What Greg Hicks and Representative Darrell Issa did not probe was the role of the CIA and Petraeus in the use of Benghazi as the largest CIA station in North Africa, where they ran militias into Syria. When the information about the attack on the US ‘facility’ in Benghazi was first brought to light, there was confusion because this information had the potential of putting the vaunted military in its proper perspective. Was the space that was attacked a consulate, a State Department facility, a CIA safe house, or indeed a prison for captured militias? This confusion took attention away from the reality that elements in the military/intelligence hierarchy had formulated a policy to align with certain militia groups in Eastern Libya and that these militias (sometimes called jihadists) had in the past been linked to groups that the U.S. called ‘terrorist organizations.’ France, the CIA, and the U.S. Africa Command had aligned with these jihadists to destabilize Libya, freeze billions of dollars of assets, execute Gaddafi, and use Libya as a rear base in the drive for regime change in Syria.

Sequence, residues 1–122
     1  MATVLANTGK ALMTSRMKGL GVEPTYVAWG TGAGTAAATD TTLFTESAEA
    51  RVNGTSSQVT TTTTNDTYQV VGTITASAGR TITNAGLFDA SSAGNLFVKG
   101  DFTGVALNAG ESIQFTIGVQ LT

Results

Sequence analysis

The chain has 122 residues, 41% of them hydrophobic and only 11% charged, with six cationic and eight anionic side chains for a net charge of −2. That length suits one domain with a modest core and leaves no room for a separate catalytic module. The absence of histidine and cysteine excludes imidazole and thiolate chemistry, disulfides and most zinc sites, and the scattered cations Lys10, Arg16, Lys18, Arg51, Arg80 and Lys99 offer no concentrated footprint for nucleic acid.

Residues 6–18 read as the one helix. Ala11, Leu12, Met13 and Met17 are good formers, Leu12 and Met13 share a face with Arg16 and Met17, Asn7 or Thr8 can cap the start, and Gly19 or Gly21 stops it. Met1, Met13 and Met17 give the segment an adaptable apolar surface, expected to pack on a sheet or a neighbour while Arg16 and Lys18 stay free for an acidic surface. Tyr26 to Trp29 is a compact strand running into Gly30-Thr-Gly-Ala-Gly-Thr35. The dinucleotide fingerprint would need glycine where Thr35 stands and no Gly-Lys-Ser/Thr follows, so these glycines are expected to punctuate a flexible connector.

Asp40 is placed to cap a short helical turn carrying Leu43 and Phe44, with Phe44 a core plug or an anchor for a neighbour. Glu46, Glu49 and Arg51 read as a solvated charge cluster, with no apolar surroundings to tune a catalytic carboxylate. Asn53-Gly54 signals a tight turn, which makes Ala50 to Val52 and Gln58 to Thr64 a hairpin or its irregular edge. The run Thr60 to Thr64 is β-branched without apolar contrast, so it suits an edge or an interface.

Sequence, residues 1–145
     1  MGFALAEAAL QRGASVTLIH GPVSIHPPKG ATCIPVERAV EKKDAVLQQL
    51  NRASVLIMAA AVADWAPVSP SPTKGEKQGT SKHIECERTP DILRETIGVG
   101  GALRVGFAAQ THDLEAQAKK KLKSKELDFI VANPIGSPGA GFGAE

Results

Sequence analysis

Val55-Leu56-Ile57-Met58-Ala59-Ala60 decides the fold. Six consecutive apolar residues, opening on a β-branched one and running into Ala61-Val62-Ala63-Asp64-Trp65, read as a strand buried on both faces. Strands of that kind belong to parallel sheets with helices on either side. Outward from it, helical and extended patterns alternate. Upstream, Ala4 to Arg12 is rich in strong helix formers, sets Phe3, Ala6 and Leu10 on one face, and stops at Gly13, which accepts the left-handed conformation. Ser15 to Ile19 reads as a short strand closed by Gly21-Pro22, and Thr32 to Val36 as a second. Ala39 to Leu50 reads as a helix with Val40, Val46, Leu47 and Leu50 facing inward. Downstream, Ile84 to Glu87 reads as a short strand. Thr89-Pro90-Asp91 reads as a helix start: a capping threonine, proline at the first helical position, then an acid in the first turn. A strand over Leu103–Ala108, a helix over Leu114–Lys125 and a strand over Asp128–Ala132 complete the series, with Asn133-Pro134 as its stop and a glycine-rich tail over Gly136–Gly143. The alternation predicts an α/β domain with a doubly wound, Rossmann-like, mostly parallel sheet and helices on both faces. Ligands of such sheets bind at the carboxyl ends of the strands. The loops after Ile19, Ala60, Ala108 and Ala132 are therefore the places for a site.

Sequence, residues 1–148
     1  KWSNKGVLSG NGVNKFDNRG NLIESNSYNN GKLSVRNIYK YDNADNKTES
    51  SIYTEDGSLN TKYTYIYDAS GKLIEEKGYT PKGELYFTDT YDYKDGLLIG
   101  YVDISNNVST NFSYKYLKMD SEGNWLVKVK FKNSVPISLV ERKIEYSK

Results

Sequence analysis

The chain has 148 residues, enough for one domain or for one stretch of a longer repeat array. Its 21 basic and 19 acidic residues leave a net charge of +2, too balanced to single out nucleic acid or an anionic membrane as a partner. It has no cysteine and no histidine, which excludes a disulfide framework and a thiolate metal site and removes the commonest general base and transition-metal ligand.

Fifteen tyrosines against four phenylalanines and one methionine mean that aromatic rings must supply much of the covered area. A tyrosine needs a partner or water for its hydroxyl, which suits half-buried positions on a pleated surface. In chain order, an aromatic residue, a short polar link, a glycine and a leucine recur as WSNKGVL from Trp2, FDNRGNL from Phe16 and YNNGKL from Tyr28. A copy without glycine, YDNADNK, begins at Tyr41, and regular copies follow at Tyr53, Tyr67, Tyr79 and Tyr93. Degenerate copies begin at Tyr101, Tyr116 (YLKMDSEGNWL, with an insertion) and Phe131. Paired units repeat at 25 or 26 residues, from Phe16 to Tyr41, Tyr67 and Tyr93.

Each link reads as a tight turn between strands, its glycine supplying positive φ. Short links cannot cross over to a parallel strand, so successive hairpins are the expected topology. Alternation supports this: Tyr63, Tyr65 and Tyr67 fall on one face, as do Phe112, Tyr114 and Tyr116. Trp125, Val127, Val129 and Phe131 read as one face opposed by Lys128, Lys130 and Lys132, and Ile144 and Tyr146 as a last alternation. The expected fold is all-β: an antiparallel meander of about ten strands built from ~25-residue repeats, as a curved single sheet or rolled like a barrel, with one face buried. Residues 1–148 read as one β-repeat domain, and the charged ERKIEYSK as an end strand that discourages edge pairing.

… [T]his review and these hearings are obfuscating … the real issues that emanate from the role of the CIA in recruiting Jihadists in Benghazi. On Monday at a press conference, Obama called the continued discussions on Benghazi a “side show.” However, for the millions of persons in North Africa that have been negatively affected by the NATO intervention and the role of the CIA, private militias and private military contractors, the debates in the USA can be viewed as another diversion to cover up the CIA operations in North Africa. Ethan Chorin, one of the operators in Libya and close ally of Ambassador Stevens, has weighed in with an op-ed piece in the New York Times that stated,
“The biggest American failure wasn’t in the tactical mistakes about security at the diplomatic mission where Ambassador J. Christopher Stevens and three other Americans died. It lay in thinking that an intervention in Libya would be easier or less costly than it has proved to be — a judgment that led the United States to think it could go in light, get out fast and focus on the capital, Tripoli, without paying enough attention to Libya’s eastern provinces, where the rebellion began as a call for a constitution and increased civil liberties.”
Chorin, who was an insider in Benghazi, continues to insist that the NATO intervention was “inspired and skillfully executed, and had the potential to do more good than harm.”